The Three Most Essential Hiking Safety Tips
Hiking is one way to get some fresh air while reconnecting with nature at the same time. Planning your trip and wearing comfortable gear is a great start. Unfortunately, sometimes even the best-planned hike won't always go as planned. By having the right knowledge, preparing yourself beforehand, hiking according to pre-defined plans, and knowing the steps to take in an emergency, you will be better prepared to complete your hike safely. Grivet Outdoors has put together a list of hiking tips that will help you make the most out of your outdoor adventures.
Plan Your Hike In Advance
Before you embark on a hiking expedition, you need to have a general idea of what to expect along your route. Make those practical preparations that could be crucially important to your safety and comfort during your hike. It doesn't matter if you'll be alone or in a group; the first thing to remember is to let someone know where you plan to go. In a worst-case scenario, you could be lost for days on end with no help of rescue. However, if someone has information about your approximate whereabouts, this could help rescue services pinpoint your location. If you plan to follow an exact route, it never hurts to leave a copy with a friend or family member.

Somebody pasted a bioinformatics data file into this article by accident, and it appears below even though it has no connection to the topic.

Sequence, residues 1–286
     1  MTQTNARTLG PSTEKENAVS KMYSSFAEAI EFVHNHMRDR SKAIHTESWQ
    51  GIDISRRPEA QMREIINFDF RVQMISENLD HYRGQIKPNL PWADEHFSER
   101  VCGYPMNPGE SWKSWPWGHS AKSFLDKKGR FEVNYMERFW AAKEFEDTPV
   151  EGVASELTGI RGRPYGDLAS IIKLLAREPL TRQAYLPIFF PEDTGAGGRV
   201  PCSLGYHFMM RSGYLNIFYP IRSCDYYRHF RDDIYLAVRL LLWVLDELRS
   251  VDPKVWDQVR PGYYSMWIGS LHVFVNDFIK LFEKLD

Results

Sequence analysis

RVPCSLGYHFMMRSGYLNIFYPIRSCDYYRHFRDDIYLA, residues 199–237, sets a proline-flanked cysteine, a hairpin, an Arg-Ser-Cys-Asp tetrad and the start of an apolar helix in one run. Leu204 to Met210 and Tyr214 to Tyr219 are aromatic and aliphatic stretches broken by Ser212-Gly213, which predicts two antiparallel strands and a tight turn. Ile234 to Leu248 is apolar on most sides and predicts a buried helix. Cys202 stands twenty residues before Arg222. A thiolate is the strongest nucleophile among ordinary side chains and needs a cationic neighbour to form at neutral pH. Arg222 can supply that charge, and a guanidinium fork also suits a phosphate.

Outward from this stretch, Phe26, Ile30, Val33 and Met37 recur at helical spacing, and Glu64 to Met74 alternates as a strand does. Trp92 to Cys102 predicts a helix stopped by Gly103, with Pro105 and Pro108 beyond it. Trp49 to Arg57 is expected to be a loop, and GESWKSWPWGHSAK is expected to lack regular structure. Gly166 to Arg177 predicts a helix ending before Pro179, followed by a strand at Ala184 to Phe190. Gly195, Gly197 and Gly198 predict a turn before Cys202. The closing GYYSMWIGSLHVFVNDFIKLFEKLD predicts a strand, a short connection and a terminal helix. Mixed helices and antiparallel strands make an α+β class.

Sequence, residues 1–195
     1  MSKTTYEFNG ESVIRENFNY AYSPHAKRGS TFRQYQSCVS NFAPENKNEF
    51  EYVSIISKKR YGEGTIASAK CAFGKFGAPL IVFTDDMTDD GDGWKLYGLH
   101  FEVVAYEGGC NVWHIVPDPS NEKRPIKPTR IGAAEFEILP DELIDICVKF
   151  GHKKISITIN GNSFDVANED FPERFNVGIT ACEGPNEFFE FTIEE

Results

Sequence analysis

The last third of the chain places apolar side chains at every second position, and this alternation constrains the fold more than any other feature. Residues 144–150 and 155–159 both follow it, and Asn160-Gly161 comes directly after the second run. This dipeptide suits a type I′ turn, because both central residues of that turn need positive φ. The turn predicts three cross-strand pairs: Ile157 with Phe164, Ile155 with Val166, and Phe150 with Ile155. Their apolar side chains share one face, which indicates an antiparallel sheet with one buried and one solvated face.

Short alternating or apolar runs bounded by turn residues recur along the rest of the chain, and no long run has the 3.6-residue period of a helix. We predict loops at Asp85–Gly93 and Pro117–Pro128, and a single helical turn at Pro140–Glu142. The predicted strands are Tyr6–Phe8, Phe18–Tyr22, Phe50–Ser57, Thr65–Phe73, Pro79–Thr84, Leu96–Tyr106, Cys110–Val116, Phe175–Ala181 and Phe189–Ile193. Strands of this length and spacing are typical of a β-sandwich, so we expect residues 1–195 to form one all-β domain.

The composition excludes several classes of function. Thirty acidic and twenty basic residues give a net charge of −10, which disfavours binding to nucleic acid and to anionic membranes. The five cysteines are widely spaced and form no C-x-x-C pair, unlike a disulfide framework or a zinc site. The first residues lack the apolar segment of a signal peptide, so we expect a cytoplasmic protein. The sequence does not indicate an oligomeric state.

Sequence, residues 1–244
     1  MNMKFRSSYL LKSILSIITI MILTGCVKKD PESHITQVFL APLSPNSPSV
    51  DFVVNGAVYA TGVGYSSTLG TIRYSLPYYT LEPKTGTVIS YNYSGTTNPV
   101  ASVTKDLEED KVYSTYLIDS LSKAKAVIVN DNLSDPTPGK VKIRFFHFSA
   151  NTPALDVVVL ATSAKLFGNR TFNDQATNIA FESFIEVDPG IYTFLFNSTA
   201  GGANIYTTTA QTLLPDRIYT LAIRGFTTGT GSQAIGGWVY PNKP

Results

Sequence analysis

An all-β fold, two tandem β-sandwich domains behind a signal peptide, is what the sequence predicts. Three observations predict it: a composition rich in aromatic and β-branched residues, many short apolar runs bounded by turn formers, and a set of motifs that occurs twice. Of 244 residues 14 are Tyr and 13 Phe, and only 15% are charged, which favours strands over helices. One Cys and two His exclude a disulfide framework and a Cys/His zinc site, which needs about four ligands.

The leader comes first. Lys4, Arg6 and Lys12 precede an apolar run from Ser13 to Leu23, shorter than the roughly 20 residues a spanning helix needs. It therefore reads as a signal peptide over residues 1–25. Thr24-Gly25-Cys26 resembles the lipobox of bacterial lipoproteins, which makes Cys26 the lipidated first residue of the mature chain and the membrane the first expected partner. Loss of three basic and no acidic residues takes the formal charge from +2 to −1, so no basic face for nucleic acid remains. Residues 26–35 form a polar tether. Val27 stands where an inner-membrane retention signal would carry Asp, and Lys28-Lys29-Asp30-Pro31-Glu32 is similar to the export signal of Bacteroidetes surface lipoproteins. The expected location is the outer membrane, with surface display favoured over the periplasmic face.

Pack Properly For Your Trip
Packing is perhaps the most crucial preparation process. An experienced hiker will take no more than needed since additional weight can slow you down and tire you out in no time. For day trips, our Osprey Packs Hikelite 26 Backpack is a light bag that has enough room to carry all of your essentials. Make sure you have some of the necessary navigation tools, such as maps and a compass. Other equipment types, such as matches, a sharp pocket knife, and a first aid kit, are also essential. Warm clothes such as our Patagonia Long Sleeve Capilene Cool Daily Shirt in warm weather and Patagonia's Down Sweater Jacket in cold weather are the right places to start as far as external wear.
Consider packing plenty of food and water to last your hike's duration and then some. For hiking trips that will last more than a few days, you should have gear that will allow you to sterilize water and hunt or catch your food. Having a portable phone could also be a potential lifesaver, so make the most of what technology offers you.
Understand Your Limits
Always be aware of your physical limitations. Pushing yourself can be disastrous to your well-being and may strain other group members as well. As in any outdoor situation, you should ensure that you remain properly hydrated - dehydration can be a killer, even in icy cold weather conditions. Being aware of your physical limitations also means recognizing when conditions are so severe that they may be harmful. You should also have enough warm clothing, preferably several thin layers that you can adjust as needed.
- Memphis, TN.